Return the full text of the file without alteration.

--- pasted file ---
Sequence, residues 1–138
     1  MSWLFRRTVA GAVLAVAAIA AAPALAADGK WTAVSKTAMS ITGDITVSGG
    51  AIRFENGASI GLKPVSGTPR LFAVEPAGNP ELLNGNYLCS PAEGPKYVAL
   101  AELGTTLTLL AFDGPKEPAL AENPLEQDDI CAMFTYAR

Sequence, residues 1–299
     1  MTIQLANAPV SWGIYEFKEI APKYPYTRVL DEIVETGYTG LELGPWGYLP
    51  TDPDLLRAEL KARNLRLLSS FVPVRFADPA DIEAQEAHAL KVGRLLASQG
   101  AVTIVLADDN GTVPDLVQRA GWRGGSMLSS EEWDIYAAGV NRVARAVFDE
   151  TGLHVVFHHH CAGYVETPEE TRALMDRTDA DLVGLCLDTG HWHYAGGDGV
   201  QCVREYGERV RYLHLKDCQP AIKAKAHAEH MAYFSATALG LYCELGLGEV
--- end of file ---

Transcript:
Sequence, residues 1–138
     1  MSWLFRRTVA GAVLAVAAIA AAPALAADGK WTAVSKTAMS ITGDITVSGG
    51  AIRFENGASI GLKPVSGTPR LFAVEPAGNP ELLNGNYLCS PAEGPKYVAL
   101  AELGTTLTLL AFDGPKEPAL AENPLEQDDI CAMFTYAR

Sequence, residues 1–299
     1  MTIQLANAPV SWGIYEFKEI APKYPYTRVL DEIVETGYTG LELGPWGYLP
    51  TDPDLLRAEL KARNLRLLSS FVPVRFADPA DIEAQEAHAL KVGRLLASQG
   101  AVTIVLADDN GTVPDLVQRA GWRGGSMLSS EEWDIYAAGV NRVARAVFDE
   151  TGLHVVFHHH CAGYVETPEE TRALMDRTDA DLVGLCLDTG HWHYAGGDGV
   201  QCVREYGERV RYLHLKDCQP AIKAKAHAEH MAYFSATALG LYCELGLGEV